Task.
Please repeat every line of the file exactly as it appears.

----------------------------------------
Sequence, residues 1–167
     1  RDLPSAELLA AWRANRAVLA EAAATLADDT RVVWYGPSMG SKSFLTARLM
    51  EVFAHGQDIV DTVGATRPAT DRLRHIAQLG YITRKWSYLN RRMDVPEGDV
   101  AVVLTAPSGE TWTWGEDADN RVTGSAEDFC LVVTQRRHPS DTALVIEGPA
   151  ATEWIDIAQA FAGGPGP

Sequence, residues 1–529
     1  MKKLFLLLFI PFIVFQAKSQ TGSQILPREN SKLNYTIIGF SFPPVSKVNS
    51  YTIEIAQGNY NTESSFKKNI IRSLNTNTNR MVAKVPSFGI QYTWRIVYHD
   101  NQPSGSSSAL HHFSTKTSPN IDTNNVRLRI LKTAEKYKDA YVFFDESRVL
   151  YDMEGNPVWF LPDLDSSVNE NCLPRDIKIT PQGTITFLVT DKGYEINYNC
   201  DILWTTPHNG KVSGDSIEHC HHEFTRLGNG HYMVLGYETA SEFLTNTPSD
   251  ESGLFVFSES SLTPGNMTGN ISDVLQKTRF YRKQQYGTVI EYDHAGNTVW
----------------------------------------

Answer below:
Sequence, residues 1–167
     1  RDLPSAELLA AWRANRAVLA EAAATLADDT RVVWYGPSMG SKSFLTARLM
    51  EVFAHGQDIV DTVGATRPAT DRLRHIAQLG YITRKWSYLN RRMDVPEGDV
   101  AVVLTAPSGE TWTWGEDADN RVTGSAEDFC LVVTQRRHPS DTALVIEGPA
   151  ATEWIDIAQA FAGGPGP

Sequence, residues 1–529
     1  MKKLFLLLFI PFIVFQAKSQ TGSQILPREN SKLNYTIIGF SFPPVSKVNS
    51  YTIEIAQGNY NTESSFKKNI IRSLNTNTNR MVAKVPSFGI QYTWRIVYHD
   101  NQPSGSSSAL HHFSTKTSPN IDTNNVRLRI LKTAEKYKDA YVFFDESRVL
   151  YDMEGNPVWF LPDLDSSVNE NCLPRDIKIT PQGTITFLVT DKGYEINYNC
   201  DILWTTPHNG KVSGDSIEHC HHEFTRLGNG HYMVLGYETA SEFLTNTPSD
   251  ESGLFVFSES SLTPGNMTGN ISDVLQKTRF YRKQQYGTVI EYDHAGNTVW